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The Institute for Policy Innovation is holding it's Fifth Annual World Intellectual Property Day Forum on April 26 at the Reserve Officers Association Headquarters Minuteman Memorial Building in Washington, DC. There is no cost to attend this event, but Federalist Society members can receive up to 3 credits of CLE for only $50 by clicking the Register button at the top of this page. All other registrants should RSVP for this event by contacting Erin Humiston at the Institute for Policy Innovation at 972-874-5139 or firstname.lastname@example.org.
Address: IP Law and Global Competitiveness
Panel Discussion: Small and Medium Enterprises, IP, Jobs & the Economy
This panel will address and discuss the critical nature of the IP system to the support and functioning of the US economy as demonstrated by small and medium enterprises. SMEs in all industries are becoming increasingly reliant on the protection of IP. Each change, whether via legislation or case law, has a disproportionate impact on smaller businesses as typically a larger percentage of its assets are IP. All legal "reforms" must consider this critical part of the economy and the implications of changes to the current system of legal protections.
Address: The Cult of the Amateur: How the Democratization of the Digital World is Assaulting Our Legal Culture, Our Economy and Our Values
Debate: The Myriad Challenge: Do Biotech Patents Encourage or Deter Innovation?
Last month, a federal trial court rocked the foundations of the biotechnology industry when it invalidated certain gene patents held by Myriad Genetics in Association for Molecular Pathology v. USPTO. Those challenging the patents have claimed that the patents, which are related to the BRCA 1 and 2 breast and ovarian cancer susceptibility genes, impeded access to tests needed for basic health care. More generally, some contend that gene patents interfere with basic research and freedom of inquiry. Others contend that gene patents are property rights like any others and serve an essential role in promoting biomedical research, innovation, and economic growth. This debate will address the legal, doctrinal and policy issues involved.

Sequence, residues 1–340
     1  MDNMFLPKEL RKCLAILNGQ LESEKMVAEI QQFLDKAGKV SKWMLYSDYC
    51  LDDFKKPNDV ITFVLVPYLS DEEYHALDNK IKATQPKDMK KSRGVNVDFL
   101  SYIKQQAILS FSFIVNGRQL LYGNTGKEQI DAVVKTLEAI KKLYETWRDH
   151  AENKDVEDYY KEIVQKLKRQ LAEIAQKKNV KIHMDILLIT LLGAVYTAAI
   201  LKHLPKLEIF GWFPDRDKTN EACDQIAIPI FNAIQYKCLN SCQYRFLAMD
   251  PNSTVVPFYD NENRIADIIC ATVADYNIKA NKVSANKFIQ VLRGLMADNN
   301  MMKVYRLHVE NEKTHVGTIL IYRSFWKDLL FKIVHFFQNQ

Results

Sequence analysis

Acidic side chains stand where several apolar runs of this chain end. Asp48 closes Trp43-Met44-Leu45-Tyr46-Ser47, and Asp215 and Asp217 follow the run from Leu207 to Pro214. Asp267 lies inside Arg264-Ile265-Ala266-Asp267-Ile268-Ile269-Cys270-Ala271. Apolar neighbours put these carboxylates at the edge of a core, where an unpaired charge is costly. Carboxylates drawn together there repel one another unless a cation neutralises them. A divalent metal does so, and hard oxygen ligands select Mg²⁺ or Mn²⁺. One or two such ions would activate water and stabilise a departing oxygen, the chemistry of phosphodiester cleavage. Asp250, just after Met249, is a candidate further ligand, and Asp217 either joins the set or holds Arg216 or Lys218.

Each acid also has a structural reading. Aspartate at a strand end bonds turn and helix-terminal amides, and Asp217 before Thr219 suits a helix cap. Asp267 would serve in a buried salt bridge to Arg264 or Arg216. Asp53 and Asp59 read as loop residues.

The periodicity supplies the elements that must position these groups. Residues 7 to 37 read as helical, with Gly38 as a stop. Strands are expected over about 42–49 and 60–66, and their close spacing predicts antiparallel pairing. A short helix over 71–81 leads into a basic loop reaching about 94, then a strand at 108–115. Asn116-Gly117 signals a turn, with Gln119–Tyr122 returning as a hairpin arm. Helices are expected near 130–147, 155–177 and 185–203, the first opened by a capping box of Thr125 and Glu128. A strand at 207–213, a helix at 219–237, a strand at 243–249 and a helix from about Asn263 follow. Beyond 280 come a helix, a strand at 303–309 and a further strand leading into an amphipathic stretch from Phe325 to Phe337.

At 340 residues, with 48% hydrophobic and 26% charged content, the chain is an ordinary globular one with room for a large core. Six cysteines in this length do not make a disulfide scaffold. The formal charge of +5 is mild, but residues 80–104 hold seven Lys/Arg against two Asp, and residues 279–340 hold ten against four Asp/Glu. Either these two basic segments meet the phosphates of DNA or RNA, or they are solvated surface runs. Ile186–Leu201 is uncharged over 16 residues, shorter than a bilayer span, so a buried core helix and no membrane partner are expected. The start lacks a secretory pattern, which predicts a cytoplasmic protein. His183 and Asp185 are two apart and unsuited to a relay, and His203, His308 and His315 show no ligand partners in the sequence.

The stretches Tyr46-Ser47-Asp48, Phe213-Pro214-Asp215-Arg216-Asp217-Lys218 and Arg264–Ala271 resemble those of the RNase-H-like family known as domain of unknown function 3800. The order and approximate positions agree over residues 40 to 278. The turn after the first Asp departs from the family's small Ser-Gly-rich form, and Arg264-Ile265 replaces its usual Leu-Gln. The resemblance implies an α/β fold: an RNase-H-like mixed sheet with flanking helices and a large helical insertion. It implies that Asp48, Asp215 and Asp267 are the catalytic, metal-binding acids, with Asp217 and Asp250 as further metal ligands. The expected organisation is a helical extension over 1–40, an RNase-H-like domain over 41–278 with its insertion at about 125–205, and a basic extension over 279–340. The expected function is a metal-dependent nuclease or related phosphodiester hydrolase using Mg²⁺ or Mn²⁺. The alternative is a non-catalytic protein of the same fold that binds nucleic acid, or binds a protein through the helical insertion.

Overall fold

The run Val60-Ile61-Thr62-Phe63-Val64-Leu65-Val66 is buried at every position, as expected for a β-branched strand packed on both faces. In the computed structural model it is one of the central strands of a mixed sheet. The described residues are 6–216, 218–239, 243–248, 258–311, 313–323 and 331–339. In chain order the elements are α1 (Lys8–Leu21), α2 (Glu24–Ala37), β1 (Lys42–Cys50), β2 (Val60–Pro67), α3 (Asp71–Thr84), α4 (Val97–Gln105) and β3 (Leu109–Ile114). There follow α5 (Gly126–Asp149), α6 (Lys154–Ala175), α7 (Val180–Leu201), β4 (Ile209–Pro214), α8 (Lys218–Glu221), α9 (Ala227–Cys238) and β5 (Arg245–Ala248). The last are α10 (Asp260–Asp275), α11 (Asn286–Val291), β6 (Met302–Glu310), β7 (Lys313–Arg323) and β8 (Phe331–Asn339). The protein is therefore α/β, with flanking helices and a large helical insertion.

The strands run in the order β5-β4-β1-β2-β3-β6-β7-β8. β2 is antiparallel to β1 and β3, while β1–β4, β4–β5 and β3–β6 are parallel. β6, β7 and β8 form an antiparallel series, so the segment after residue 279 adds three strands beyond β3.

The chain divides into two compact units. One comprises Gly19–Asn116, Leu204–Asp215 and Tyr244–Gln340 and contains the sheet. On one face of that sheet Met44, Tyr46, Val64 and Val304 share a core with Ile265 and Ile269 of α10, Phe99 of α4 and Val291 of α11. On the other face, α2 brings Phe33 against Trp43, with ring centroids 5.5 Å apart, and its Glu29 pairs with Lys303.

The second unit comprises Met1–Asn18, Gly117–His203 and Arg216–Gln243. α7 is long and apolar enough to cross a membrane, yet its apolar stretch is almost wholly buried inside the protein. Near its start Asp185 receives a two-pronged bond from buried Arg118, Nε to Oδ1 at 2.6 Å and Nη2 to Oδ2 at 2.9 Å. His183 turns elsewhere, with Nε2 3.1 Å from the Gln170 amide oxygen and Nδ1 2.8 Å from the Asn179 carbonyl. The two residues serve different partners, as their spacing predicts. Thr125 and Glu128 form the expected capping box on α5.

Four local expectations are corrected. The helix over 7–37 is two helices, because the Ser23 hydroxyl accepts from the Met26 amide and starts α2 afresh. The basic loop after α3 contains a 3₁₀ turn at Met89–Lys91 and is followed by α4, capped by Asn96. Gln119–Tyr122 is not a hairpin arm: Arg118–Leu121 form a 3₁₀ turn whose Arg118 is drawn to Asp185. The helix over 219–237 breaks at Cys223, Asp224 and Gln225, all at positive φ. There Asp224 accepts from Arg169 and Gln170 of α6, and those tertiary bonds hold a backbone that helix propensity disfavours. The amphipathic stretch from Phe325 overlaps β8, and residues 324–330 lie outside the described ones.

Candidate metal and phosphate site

Insider Discussion: View from the Inside: IP Law, Enforcement and Jobs
The Insider Forum is designed to provide participants with a real insight into potential changes on the horizon for the IPR legal regime, and comparing that to the current legal system, including the practical applications which effect creators of content. With a variety of legislation introduced each session of Congress designed to redefine IP rights and enforcement mechanisms, discussion of those with some chance of enforcement is crucial to planning and advising clients. In addition, several Congressional causes have begun, including the Congressional International Anti-Piracy caucus. Participants will receive an update on their collective activities, as well as insight into global IPR activities.
Address: The Impact of Innovation and Intellectual Property Law and Enforcement on U.S. Economic Growth
Panel Discussion: Creative Development: Countries Building Creative Industries
This panel will address the importance of copyright law and other legal institutions to the development of creative industries. Commentators and governments are increasingly recognizing that movie making, music, and other creative businesses are an important source of economic development. However, these businesses depend on well-designed and enforced legal institutions such as copyright. This panel will consider how laws can best be reformed and enforced, nationally and globally, to promote the growth of the creative industries.
A complimentary lunch will be provided.
There is no cost to attend this event, but Federalist Society members can receive up to 3 credits of CLE for only $50 by clicking the Register button below. All other registrants should RSVP for this event by contacting Erin Humiston at the Institute for Policy Innovation at 972-874-5139 or email@example.com.